Get ready. Go. Move. Divide. And by the long weekend, you’ll be able to have a plant sale with all the stuff you don’t want any more, or would just like to share. Each region in Canada has a slightly different style given the variation in climate and growing season and what specific plants are available in nurseries. This is the best time to try out new plants, even if they don’t grow in your area. Be brave – gardening is, after all, one long experiment.
A few trends are popping up this year. Gone is the wariness about bees. We need them, and gardeners are attracting them with exciting, fruity, bloom hues. Vegetables are luring younger people to join the gardening culture, and more vegetables will be planted in front gardens than ever before.
Here are some of the finest of the new finery. What follows covers most of Canada along the U.S. border from the West Coast through the central regions.
Ceanothus “Victoria,” commonly called California lilac, is glorious in early summer smothered in tight cobalt-blue flowers. The native plant is great for screening. It grows to about 1.8 metres high by 1.2 metres wide in full sun and is drought-tolerant. (Too much water or too much wind, however, and it will croak.) Zone 8
One to eat
Artichoke, Cynara scolymus, a perennial in warm regions, needs full sun and well-drained rich soil with lots of space. It can grow up to two metres in width. If you want to eat it – and it is great to eat – you need to remember to water regularly. Will grow in any climate if the soil is warm enough.
Cardoon, Cynara cardunculus, is a magnificent plant that stays steely all winter and doesn’t get tatty, even on the west coast. It must be planted in rich soil that gets full sun (a raised bed is recommended since it will help with drainage and keep those gorgeous leaves off the ground). It grows to 240 cm by 90 cm, and you can use the stems when you are cooking Moroccan food. Zone 8
Hebe “Wiri Blush” is a fantastic little shrub with a nice, tight, bun-like form. The glossy leaves would brighten up any area, including a container, and the hot-pink blooms go on from spring to summer. It grows well from part shade to full sun but needs regular watering. It’s another good screen plant that grows up to 1.2 metres tall and the same wide. Zone 8
The peachy-orange Echinacea “Supreme Cantaloupe” has a knob on the top on the flower rather the normal rays. It complements almost every plant and blooms for weeks. Zone 5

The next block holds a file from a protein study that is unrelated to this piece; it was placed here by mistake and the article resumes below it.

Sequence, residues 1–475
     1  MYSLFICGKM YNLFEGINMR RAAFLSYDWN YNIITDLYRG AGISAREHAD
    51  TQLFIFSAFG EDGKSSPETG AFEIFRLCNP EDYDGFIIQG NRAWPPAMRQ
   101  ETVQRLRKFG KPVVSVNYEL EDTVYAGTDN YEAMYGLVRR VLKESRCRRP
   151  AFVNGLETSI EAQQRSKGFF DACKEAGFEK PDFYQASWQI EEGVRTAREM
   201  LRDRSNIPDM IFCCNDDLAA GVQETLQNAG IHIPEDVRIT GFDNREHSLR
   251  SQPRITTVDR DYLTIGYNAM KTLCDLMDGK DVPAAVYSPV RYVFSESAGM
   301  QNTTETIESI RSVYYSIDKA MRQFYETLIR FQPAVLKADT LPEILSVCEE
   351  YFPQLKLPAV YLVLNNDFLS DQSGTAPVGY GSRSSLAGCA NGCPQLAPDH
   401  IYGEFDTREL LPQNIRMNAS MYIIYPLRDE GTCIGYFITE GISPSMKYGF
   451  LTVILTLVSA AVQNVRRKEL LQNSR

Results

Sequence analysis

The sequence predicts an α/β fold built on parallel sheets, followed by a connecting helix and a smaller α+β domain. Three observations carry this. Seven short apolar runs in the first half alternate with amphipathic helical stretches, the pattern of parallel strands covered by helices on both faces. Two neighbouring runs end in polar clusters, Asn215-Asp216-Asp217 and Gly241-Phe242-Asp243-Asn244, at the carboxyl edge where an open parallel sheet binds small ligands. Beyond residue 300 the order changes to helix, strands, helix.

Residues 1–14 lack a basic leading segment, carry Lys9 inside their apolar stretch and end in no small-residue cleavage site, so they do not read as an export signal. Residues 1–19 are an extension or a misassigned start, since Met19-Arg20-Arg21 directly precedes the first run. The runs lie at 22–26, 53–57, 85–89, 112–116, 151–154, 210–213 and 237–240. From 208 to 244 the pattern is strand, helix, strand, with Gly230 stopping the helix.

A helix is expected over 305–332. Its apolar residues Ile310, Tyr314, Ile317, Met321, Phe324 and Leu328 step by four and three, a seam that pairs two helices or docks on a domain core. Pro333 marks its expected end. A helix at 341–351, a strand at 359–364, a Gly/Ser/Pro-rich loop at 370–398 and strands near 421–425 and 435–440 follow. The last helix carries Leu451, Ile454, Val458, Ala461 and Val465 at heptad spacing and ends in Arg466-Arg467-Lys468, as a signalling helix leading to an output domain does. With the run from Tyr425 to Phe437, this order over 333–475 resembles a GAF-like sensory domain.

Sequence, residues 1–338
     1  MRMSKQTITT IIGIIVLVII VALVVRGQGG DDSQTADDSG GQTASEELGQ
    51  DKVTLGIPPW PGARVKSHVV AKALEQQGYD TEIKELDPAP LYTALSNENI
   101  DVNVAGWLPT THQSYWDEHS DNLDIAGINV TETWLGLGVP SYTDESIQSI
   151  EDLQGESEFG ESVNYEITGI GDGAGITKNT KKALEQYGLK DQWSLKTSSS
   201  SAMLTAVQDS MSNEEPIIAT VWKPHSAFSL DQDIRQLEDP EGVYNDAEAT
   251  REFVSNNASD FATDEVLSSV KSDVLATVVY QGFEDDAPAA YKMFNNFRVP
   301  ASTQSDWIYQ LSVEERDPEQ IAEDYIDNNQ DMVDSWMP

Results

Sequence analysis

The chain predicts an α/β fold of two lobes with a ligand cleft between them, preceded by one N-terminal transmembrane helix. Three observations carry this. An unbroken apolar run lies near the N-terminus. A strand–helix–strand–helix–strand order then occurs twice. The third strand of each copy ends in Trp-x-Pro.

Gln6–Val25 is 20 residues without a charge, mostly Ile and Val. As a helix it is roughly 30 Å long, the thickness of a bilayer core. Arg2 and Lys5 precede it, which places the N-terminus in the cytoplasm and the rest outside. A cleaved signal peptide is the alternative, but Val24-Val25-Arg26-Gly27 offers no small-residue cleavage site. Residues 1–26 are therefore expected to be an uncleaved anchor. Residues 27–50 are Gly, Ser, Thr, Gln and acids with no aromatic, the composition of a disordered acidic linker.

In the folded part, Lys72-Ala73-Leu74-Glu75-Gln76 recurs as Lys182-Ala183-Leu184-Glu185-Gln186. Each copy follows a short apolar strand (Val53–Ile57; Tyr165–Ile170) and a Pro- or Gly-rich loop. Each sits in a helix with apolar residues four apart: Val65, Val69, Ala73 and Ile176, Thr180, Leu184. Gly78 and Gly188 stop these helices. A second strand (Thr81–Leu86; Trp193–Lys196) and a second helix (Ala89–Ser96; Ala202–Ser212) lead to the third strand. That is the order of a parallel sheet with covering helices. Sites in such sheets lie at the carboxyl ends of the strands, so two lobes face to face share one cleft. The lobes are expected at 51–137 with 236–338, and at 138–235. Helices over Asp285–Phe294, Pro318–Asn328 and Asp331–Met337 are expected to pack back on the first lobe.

Carex siderosticha “Banana Boat” is a broadleaf ever-golden sedge, a grass-like plant with eye-popping colour. It thrives in deep shade – it can spread to 30 cm and still looks fantastic. But the soil must be kept moist. It’s great as an edging plant or to put in difficult shady sections of the garden for its brilliant light. Zone 6
New light for the shade
Hosta “Designer Genes” is a fantastic introduction this year and will bring light into the shade. It has bright, rhubarb-like stalks of brilliant red and golden-yellow leaves. The emerging snubs are a delight, sticking up crimson snouts in late spring. It grows to 45 cm by 30 cm. Great in containers as long as it is kept in the shade so it will hold its golden colour. Zone 5
While the Monkshoods bloom is poisonous, any new one is welcomed because they come out in July and August when all else is looking sorry. Aconitum “Blue Lagoon” Monkshood can grow in light conditions from partial sun to partial shade. It has dazzling blue blooms and this new cultivar is only 30 cm tall. Great for containers. Zone 4
Euphorbia “Ascot Rainbow” is my favourite because it has long-lasting, spectacular blooms with tiny little centres of magenta. This weird combination lasts for weeks. Since it’s a bit iffy even in Toronto, planting it in a raised bed, out of the wind, can help get it though the winter. Most of us across the country will have to view it as an annual. Who cares: variegated green and white foliage over bright red stems and this bonus of blooms. Gorgeous filler for any empty space. Zone 6 and any warmer areas as a perennial.
Green screens with style
Cornus compressa, a gorgeous variation on the dogwood, is one of the best screening plants there is. It’s narrow with deep green crumpled foliage (1.2 metres by 30 cm), but you can whack at it with impunity and keep it to any height you need. Zone 8
Colour good enough to eat
Beta vulgaris, Swiss chard, is a wonderful vegetable and looks good in any perennial border. It fits right in with these other dramatic plants. It’s a cool season plant, so it can be popped into the ground now, planted in full sun. Look for the more exotic colours such as gold, red and black. Can be grown anywhere in the country.
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